December

Lanier High School students, from left, Tatiana Myers-Arterberry, Shakell James and Amiracle Williams hold signs touting the school's Teen Advocacy Program.
Lanier High School students, from left, Tatiana Myers-Arterberry, Shakell James and Amiracle Williams hold signs touting the school's Teen Advocacy Program.
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New program teaches kids to stop, think before making risky decisions

Published on Thursday, December 20, 2018

Media Contact: Kate Royals, kroyals2@umc.edu

The team at the Lanier High Teen Wellness Clinic was looking for a way to reach students who may need guidance but don’t qualify for a referral to the clinic for services.

“What happens to those kids who are almost there but not quite there?” Kate Fouquier, associate professor in the School of Nursing at the University of Mississippi Medical Center and director of the Lanier clinic, recalled thinking.

All students are screened for depression, anxiety, substance abuse and trauma, among other stressful events. Those who score above a certain threshold receive services from the clinic, but previously, those on the cusp “are just sent back into the classroom,” Fouquier said.

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Fouquier

“What can we do for them?” she asked.

That’s when she found Prime for Life, an evidence-based motivational program designed for people who may be making high-risk choices.

Dr. Julie Schumacher-Coffey, a psychiatry professor in the School of Medicine, passed along the name of the program to Fouquier. It has been used in a number of settings, including on high school and college campuses, and is a prevention and intervention program for those who may be making high-risk choices, primarily related to substance use.

“I encouraged Dr. Fouquier to contact them to see if it might be a fit for her project because she was looking for a program that could be delivered by individuals who have varying degrees of prior experience with alcohol and drug prevention,” she continued. “It’s important to PRI (Prevention Research Institute) that their programs are delivered well, so in addition to providing very high-quality program materials and workbooks, they also provide extensive training and support to new instructors.”

Each instructor in the Lanier clinic had to complete a training and teach a class in front of students that was recorded and submitted to evaluators.

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Koscher Jackson, family nurse practitioner, performs a routine exam on Iverson Brown, Lanier High School student, in the school's clinic.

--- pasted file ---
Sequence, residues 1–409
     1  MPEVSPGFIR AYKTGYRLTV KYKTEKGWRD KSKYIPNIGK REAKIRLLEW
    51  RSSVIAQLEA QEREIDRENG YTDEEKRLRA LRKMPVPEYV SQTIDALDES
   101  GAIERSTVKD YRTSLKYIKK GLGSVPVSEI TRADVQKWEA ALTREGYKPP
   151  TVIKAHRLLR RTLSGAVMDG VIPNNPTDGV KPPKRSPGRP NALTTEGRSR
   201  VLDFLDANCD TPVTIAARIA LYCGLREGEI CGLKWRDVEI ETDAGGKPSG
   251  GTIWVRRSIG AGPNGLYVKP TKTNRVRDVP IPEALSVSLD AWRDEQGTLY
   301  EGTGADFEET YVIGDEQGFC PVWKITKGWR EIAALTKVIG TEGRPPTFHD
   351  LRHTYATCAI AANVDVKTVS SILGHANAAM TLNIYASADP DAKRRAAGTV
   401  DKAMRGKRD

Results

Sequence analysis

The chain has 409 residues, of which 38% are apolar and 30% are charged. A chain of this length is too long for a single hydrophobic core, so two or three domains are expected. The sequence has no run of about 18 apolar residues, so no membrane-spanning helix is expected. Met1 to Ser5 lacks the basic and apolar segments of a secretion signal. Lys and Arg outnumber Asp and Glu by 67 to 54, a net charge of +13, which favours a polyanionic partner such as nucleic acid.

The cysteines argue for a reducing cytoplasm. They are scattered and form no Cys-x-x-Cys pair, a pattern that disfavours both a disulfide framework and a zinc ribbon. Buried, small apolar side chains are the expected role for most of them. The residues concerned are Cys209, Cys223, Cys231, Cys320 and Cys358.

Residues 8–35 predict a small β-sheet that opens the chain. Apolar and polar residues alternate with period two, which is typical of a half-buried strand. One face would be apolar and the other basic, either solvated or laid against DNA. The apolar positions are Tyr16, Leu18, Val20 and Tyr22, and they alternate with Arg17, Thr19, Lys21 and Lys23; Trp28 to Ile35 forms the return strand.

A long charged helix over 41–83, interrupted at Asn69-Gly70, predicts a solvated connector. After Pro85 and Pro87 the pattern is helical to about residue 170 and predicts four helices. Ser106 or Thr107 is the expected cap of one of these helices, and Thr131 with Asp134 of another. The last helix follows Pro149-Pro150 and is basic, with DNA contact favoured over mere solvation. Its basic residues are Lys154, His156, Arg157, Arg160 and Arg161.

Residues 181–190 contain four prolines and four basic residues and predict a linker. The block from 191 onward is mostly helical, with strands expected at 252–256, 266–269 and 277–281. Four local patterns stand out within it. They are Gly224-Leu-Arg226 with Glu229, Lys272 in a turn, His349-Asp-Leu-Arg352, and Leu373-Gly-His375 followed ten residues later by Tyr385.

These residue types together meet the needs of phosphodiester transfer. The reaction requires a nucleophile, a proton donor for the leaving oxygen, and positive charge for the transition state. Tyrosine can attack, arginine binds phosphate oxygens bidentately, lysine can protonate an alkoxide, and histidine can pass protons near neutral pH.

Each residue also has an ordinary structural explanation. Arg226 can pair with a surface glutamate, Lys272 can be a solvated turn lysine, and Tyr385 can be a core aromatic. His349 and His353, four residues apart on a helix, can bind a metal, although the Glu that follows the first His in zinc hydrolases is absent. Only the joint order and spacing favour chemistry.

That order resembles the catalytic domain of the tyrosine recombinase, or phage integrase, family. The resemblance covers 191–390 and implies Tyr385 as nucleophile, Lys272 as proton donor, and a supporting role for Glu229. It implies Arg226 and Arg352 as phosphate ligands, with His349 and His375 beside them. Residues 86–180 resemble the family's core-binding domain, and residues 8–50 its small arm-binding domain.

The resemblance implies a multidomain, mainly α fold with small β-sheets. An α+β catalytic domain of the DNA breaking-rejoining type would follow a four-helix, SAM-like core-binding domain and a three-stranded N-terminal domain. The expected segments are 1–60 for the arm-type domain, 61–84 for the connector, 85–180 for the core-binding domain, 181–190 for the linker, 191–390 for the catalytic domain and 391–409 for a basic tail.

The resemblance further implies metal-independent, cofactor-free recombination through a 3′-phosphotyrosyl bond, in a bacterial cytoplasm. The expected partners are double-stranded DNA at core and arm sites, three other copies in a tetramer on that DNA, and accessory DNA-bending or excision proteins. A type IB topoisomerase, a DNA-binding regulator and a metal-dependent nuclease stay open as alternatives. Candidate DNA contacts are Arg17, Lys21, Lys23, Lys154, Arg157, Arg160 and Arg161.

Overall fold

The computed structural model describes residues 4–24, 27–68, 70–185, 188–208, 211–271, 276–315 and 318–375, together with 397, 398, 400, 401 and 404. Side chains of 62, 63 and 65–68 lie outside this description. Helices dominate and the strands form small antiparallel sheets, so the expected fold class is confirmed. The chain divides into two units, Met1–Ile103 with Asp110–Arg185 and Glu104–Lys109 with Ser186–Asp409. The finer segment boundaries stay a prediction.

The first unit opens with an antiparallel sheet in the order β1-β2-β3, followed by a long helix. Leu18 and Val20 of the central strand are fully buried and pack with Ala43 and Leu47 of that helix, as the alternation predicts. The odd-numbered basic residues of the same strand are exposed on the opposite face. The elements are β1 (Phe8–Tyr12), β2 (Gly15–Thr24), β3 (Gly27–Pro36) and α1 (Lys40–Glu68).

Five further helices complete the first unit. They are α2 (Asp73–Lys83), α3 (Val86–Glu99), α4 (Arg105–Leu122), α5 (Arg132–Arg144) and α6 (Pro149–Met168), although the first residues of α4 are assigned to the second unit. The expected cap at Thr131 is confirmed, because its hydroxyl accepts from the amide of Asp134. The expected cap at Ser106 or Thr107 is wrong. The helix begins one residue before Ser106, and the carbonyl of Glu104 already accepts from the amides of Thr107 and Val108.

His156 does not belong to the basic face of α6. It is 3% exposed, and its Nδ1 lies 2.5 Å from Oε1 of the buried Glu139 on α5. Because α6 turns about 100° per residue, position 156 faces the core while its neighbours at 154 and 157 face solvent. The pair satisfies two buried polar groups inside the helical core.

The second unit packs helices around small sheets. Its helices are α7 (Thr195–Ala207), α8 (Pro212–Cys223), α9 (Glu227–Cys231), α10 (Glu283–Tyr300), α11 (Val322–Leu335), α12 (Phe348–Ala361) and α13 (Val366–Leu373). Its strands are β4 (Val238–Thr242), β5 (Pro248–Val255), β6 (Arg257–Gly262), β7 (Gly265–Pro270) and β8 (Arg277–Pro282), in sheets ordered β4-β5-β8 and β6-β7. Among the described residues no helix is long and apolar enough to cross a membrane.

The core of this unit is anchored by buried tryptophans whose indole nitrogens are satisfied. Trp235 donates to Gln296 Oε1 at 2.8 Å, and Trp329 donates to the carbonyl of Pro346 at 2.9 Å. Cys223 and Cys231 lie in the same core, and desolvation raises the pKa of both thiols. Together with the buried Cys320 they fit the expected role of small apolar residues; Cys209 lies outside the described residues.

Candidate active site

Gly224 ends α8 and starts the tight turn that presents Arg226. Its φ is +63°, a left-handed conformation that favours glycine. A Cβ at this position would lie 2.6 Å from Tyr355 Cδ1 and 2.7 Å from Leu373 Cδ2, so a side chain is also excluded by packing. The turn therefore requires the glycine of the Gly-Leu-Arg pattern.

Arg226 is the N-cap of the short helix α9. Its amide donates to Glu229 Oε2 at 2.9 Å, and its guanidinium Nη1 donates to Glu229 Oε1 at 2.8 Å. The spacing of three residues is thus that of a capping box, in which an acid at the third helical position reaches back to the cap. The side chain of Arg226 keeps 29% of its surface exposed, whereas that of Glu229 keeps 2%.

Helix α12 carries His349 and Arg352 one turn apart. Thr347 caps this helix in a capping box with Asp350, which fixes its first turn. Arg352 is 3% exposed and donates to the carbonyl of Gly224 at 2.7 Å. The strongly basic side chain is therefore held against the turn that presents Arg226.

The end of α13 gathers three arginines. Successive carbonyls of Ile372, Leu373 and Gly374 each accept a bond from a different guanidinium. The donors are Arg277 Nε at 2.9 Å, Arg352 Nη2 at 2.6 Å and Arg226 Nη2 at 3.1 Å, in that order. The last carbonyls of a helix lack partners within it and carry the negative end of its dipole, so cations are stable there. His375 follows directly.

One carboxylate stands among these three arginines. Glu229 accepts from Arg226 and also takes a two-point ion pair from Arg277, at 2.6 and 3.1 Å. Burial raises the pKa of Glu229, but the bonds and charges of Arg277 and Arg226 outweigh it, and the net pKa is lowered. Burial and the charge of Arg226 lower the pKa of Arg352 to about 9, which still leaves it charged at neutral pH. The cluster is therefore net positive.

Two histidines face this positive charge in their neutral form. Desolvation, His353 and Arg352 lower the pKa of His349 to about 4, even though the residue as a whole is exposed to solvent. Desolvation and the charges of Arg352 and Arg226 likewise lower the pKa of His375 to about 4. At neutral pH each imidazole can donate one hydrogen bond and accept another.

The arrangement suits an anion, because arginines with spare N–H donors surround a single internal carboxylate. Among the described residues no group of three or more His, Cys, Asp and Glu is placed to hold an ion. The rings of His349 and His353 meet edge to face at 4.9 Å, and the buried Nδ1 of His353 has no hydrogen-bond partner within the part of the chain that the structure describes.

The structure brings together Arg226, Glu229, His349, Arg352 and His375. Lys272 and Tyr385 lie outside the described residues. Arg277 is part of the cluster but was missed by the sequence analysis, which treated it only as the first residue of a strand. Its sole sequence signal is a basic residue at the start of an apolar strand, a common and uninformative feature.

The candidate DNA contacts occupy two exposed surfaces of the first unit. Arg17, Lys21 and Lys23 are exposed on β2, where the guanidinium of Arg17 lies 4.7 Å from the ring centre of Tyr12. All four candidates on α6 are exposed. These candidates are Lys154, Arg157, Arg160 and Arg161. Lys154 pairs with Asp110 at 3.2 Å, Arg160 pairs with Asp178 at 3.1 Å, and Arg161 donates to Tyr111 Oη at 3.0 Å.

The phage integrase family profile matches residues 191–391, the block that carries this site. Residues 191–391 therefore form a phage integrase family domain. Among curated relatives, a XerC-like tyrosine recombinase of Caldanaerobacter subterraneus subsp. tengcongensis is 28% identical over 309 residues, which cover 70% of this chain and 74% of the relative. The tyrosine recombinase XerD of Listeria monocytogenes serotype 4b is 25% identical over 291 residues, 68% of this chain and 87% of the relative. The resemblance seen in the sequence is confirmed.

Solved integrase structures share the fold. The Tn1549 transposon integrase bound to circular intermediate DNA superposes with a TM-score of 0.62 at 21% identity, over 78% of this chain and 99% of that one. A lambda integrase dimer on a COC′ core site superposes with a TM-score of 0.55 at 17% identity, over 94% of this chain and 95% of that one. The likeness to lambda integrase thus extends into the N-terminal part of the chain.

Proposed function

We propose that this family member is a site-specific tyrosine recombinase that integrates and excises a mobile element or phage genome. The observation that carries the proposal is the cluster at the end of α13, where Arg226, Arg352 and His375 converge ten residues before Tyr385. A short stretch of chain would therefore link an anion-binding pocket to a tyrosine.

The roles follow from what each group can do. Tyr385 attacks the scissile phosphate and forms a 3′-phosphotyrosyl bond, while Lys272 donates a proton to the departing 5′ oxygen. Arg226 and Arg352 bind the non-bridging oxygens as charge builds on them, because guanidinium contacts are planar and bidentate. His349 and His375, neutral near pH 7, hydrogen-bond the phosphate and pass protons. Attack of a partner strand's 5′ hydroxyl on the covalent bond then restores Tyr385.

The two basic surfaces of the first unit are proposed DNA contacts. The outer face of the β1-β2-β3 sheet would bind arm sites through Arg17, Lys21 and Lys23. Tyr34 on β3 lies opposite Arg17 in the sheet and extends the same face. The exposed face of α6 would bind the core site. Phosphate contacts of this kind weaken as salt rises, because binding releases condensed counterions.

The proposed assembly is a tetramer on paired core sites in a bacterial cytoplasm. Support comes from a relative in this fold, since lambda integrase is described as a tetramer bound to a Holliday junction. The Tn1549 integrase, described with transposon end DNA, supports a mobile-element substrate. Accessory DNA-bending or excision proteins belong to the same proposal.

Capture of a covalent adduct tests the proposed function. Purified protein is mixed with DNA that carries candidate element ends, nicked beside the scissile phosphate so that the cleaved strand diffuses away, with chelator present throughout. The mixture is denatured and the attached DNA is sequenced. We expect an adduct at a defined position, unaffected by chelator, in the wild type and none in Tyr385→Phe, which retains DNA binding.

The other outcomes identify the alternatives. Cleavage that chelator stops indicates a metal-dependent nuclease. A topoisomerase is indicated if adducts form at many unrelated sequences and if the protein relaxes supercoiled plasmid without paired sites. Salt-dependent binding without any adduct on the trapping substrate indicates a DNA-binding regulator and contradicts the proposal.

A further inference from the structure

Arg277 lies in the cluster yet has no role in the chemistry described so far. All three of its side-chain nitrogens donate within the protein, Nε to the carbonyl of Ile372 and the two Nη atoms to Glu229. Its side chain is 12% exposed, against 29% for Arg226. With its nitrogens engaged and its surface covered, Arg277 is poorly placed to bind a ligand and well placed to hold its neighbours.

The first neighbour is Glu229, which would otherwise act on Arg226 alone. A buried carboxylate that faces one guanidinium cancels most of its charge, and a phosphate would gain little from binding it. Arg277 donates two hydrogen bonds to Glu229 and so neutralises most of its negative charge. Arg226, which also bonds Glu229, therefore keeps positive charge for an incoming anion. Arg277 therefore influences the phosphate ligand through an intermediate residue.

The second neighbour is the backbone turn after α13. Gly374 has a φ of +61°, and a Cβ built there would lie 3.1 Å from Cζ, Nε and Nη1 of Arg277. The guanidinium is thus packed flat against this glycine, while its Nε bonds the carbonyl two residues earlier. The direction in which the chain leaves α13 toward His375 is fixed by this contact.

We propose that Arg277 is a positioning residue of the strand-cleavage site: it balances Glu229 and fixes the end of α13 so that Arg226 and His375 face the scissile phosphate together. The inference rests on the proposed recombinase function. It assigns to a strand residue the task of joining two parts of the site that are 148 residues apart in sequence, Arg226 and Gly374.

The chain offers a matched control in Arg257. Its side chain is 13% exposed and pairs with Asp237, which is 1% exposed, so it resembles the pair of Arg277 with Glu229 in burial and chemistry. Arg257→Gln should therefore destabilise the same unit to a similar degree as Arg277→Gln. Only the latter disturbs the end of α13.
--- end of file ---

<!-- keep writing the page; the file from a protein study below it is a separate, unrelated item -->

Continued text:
Fouquier blended the curriculum for Prime for Life with Safer Choices, an evidence-based risk reduction program that focuses on reproductive health, and also added behavioral health components.

“We also looked at things like suicidal ideology and bullying, and incorporated mindfulness in teaching them to be present within themselves and to try and make those decisions that protect the things they value,” Fouquier described.

Thirty-six high schoolers at Lanier participated in the pilot program in the fall semester in conjunction with their health class, and Fouquier and her colleagues are currently revising the course for the spring.

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Myers-Arterberry

Ninth graders Tatiana Myers-Arterberry and Shakell James can rattle off statistics and facts from the course like walking encyclopedias.

“We learned about the different types of drugs and their effects – illegal, legal, over the counter and prescription,” James said. “… and depressants, stimulants, designer drugs, hallucinogens and opioids.

“Any drug can change your body chemistry from the way you think to how you look,” she continued.

Aside from a plethora of useful information and facts, the students also learned how to change the process they go through when making a decision. They all know “S.T.I.C.” by heart – an acronym for Stop, Think (or Take a breath), Imagine and Choose.

“I use ‘stop and think’ about the problem sometimes,” Myers-Artberry said.

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James

James recalls a time in 8th grade when she decided not to attend a party after her 8th grade ball. In retrospect, she had used the “S.T.I.C.” method to make the decision.

“Something bad happened (at the party) and I was glad I didn’t go,” she said.

She said the class also cemented her decision not to drink. “I’d already come to that conclusion, but the class made it for sure. We learned about drinking and how there’s a reason you shouldn’t drink until you’re 21, because your brain hasn’t developed yet,” she said. “That can really mess up your body and your brain.”

Amiracle Williams, a 10th grader at Lanier, also participated in the inaugural class. She said she’s used “S.T.I.C.” to make healthier food choices.

“I think it’d be good for the whole school to take (the class),” Williams said. “So they can learn something new, too.”

John Farr, a psychiatric mental health nurse practitioner in the School of Nursing who is part of the clinic’s team, got certified in Prime for Life and taught a class about suicide.

“From what we’ve used so far, I think it is very effective because it really meets the population that we serve,” Farr said. 

The program is made possible by a grant from The Women’s Foundation.

While the class is still a work in progress, Fouquier’s goal is to eventually expand the program to other schools.

“Once we get it perfected, the goal is to get IRB (Institutional Review Board) approval so we can collect data and start presenting this within (other) schools,” Fouquier said.